“‘I did support the original legislation in 2006 for two primary reasons,’ Delegate Bob Beach (D-Monongalia) said in an email. ‘First, many law enforcement officers opposed the idea fearing job loses. Secondly, many felt technology needed improved to be effective and limit challenges in the court. Today, law enforcement in West Virginia see the technology as a benefit.\'”

    Translation: The Peace Officers union is a very large and powerful union, and I do what they tell me to do.

    So, they take away your driver’s license and throw you in jail for passing a stopped school bus in West Virginia. Sounds like you would be better off driving down the road drunk while having relations with a minor who is your cousin.

  • avatar

    Strangely enough, had this system been in place back in 1997, a friend of mine would have been proven innocent of passing a bus.

    Backstory: I come from a small town in WV that is known as the most conservative county in the state. The population is 97.4% white and the median income is $32,000 for a family. The only hospital in the county is in the town, so that 2.6% that isn’t white is largely made up of the families of doctors. There was quite a lot of tension based on the generally low income whites and the higher income foreigners.

    Anyway, someone in an unknown model vehicle passed a school bus near the school. One student on the bus swore he knew what car it was and who was driving. Initially, he accused a foreign doctor driving a blue 96ish Outback. When the doctor was able to show that he was seeing a patient during that time, the accusation changed to his son in the Outback. The doctor confirmed that the son was not allowed to drive the Outback per insurance policy and the son had his own car anyway. The story was then changed to the son driving a gray 198X Mazda 626. Since the son was in school that day, there was no way to prove that he didn’t do it. We knew that the accuser hated my friend because my friend was an athiest. The inconsistancies of the story didn’t prevent the jury from finding my friend guilty.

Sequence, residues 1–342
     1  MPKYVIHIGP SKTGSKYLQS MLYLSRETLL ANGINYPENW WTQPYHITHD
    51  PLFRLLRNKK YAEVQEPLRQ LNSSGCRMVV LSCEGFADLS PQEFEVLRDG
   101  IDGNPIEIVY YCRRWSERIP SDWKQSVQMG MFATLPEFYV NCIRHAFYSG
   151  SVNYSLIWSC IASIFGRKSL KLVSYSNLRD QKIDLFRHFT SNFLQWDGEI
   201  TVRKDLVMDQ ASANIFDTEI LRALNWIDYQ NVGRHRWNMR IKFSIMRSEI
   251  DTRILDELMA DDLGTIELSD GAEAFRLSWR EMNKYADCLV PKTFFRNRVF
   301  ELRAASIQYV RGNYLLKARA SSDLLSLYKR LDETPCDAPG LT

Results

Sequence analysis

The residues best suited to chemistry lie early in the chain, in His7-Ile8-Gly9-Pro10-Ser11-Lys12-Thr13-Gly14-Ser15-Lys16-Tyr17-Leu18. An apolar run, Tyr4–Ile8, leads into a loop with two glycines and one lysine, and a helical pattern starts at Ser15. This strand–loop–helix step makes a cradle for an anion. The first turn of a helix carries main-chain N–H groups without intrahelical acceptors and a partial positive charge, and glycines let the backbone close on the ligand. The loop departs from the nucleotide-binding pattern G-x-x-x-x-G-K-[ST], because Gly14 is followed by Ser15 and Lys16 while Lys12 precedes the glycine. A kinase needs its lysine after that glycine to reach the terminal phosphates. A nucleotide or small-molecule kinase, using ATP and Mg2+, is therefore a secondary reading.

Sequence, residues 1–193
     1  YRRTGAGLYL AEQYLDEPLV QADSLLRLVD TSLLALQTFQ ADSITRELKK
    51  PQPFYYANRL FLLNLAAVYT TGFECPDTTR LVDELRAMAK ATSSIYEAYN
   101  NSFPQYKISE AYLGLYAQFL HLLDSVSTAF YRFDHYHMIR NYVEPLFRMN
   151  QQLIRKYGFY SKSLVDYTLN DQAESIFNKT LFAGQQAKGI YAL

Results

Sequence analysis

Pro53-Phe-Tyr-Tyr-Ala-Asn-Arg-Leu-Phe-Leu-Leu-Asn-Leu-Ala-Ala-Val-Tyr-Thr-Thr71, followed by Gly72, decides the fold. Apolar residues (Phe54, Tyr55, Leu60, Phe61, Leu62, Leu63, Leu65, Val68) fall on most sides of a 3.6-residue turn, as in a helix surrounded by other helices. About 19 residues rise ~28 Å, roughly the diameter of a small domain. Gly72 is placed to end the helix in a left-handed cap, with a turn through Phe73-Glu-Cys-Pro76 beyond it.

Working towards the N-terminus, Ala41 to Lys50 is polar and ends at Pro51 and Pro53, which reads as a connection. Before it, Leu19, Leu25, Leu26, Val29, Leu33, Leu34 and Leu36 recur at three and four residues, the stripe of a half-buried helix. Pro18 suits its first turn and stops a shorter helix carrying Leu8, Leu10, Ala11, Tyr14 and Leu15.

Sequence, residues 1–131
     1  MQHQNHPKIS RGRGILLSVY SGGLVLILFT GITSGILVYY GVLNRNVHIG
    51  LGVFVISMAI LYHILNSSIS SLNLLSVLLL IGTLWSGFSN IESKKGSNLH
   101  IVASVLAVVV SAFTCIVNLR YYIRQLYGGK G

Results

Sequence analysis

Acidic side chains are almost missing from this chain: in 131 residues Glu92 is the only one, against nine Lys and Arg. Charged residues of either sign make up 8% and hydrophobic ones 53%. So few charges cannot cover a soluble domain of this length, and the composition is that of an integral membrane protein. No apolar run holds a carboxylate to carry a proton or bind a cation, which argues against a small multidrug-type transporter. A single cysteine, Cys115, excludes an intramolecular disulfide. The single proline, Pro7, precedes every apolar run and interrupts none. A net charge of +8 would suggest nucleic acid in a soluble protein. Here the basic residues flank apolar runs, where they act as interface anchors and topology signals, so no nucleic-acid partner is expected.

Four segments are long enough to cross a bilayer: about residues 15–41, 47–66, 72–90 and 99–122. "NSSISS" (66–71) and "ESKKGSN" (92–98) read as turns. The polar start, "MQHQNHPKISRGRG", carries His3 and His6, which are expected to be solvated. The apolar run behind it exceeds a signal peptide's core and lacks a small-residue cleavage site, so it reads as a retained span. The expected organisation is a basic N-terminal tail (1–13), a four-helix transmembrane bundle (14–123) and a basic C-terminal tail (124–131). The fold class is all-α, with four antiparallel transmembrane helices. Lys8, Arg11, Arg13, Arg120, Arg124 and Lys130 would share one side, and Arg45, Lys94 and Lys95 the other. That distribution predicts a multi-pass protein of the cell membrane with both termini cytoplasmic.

Not that I support these bus cameras, but I find it ironic that a friend could have kept a clean record instead of being saddled w/ a wrongful accusation had cameras been in place.

  • avatar

    For the record, though I see this as indicative of a slippery slope philosophy (what says they can’t use government-owned buses as mobile speed/red light camera platforms after the tech is installed?), I see this as actually a positive in that passing a school bus letting off children is potentially very dangerous. I see it happen quite regularly (in WV), and cannot remember the law ever actually having been articulated during driver training/licensing tests (though I could be wrong).

    That said, however, and though I do not have the numbers at my disposal, I also don’t recall this ever being a particularly news-worthy or common situation in which a child is actually injured/killed in this state. So will it really do anything other than the very temporary increase in fine revenue?

    Very telling that the delegates from Mon (my current place of residence) and Hancock have waffled on it for safety’s sake, but are more than happy to sign on for revenue’s sake.

  • avatar

    My wife’s a school bus driver, and in our area, people are constantly running the reds, with many near incidents and about 2x per school year a kid getting hit. Police are nearly powerless to do anything, because the odds on them actually seeing it are slim to none, and they quite frankly don’t have the resources to constantly ride the buses. Local publicity is not helping slow it down. State mandates how far in advance the yellows have to be operating, and all drivers I have seen follow the law. Most drivers will not allow their kids to get off the bus until traffic is stopped, but that hasn’t stopped drivers from passing stopped cars. The school bus drivers are really good about pulling over and letting cars pass them too. Excusable to run a buses reds, but how do you stop it?

  • avatar

    Sounds like they want as many people passing school buses as possible. Cha-Ching!

  • avatar

    +1 drivebywire,

    Anytime they say it’s ‘for the children’ it’s usually ‘for the revenue’.